“The Department of Treasury has given us the tools to leverage even more resources to spur the creation of supportive housing,” said CSH President and CEO Deborah De Santis. “Not only will we be able to create the dynamic to house vulnerable people facing instability, this award will help us fulfill our goal of bringing healthcare services to hundreds more who need to access it.”

De Santis explained NMTC allocations can be used to develop facilities such as health care centers, which complement the medical and mental health services often made available to residents of supportive housing.

Thus far, CSH has used NMTC investments to leverage and add to other resources, which in turn have created about 200 units of supportive housing across the country, and enabled 15,000 healthcare visits for those facing homelessness and other forms of housing instability. In addition, CSH investments have generated approximately 800 high-quality permanent and construction jobs in communities.

To learn more about our use of NMTC to promote supportive housing, please see profiles of the Bell Building in Detroit, MI and Paseo Verde in Philadelphia, PA.

With the new award, CSH will address a number of supportive housing projects currently in the pipeline for development and estimates adding another 150 – 200 units of affordable housing, including supportive housing, and an additional 100,000 – 125,000 healthcare visits for those facing homelessness and housing instability.

“The investments made possible by today’s awards will have significant impact nationwide,” said Annie Donovan, Director of the CDFI Fund.

To learn more about CSH’s New Markets Tax Credit strategy visit our lending page or contact our Community Investment Team.

“CSH gets it when it comes to supportive housing and they are willing to work in partnership with developers to tailor their support and products to get the deal done.” Joe Heaphy, NSO (Bell Building) Vice-President of Real Estate Development and Management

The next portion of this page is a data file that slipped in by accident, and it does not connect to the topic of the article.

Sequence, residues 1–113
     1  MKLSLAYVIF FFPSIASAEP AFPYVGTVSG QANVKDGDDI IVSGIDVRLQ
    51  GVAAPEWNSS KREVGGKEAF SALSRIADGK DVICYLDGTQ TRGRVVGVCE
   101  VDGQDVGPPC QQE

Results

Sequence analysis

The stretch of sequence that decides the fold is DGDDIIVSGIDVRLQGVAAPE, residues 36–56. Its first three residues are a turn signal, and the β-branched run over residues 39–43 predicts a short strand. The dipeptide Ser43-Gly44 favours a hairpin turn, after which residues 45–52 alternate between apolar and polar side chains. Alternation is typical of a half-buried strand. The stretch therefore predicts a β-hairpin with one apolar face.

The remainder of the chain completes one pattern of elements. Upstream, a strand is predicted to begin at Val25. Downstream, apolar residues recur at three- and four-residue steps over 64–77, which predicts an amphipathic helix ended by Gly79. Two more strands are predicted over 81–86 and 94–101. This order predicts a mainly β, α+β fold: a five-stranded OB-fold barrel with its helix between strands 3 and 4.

Face-to-Face SIF Convening Offers Cross-Site Sharing after Three Years of Implementation

2014 SIF Face-to-Face 007

SIF Participant Displays Contents of Overdose Prevention Bag during Harm Reduction Discussion

CSH convened its third annual Face-to-Face gathering in Los Angeles this October for sub-grantees of the of the Social Innovation Fund demonstration project focused on high utilizers of healthcare, now entering its fourth year. Continuing the cross-site learning opportunities that have been a key part of the project, representatives from the four sites participating in the initiative – Connecticut; San Francisco, California; Los Angeles, California; and Washtenaw County, Michigan — spent two days at the California Endowment for the Arts engaged in discussion guided largely by the providers who have been implementing SIF on the ground for the past three years. This year’s gathering centered on the theme of sustainability beyond the five-year grant program, with each site presenting a detailed financial sustainability plan for feedback from an expert panel including representatives from HUD, the Technical Assistance Collaboration, Health Management Associates, and the Hilton Foundation.

Other sessions addressed strategies for programmatic sustainability, building on the sites’ collective body of experience and expertise. One of the key emerging lessons of the work on the ground with these high-utilizing cohorts is that the majority of individuals being served have an array of medical, behavioral, and social challenges resulting in a need for support that is both acute and complex. Participants engaged in rich discussions on innovations and best practices in harm reduction, cross-sector coordination, and nontraditional models for engagement with healthcare.

“I really appreciated being in a space where everyone was so focused on shared tasks and challenges.  SIF has been a huge resource for our agency, helping us learn how to add housing support services to our emergency shelter operation.  It was encouraging to hear from colleagues around the country who have successfully implemented on a larger scale many of the measures we have built into our own sustainability plan.” -David Gonzalez-Rice, Housing Support Team Manager at the New London Homeless Hospitality Center in Connecticut

CSH staff also had the opportunity to partner with the Skid Row Housing Trust to have dinner on the garden terrace of a new supportive housing residence for medically vulnerable high-utilizers, the Star Apartments. To learn more, click here.

2014 SIF Face-to-Face 005

SIF Sites Share On-the-Ground Experiences with Harm Reduction and Housing First